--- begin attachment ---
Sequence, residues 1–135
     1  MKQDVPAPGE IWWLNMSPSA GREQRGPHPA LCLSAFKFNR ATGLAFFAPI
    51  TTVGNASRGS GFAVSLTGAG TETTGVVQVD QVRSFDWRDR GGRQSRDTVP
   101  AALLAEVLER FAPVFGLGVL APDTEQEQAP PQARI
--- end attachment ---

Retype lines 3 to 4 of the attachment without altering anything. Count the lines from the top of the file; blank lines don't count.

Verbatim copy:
    51  TTVGNASRGS GFAVSLTGAG TETTGVVQVD QVRSFDWRDR GGRQSRDTVP
   101  AALLAEVLER FAPVFGLGVL APDTEQEQAP PQARI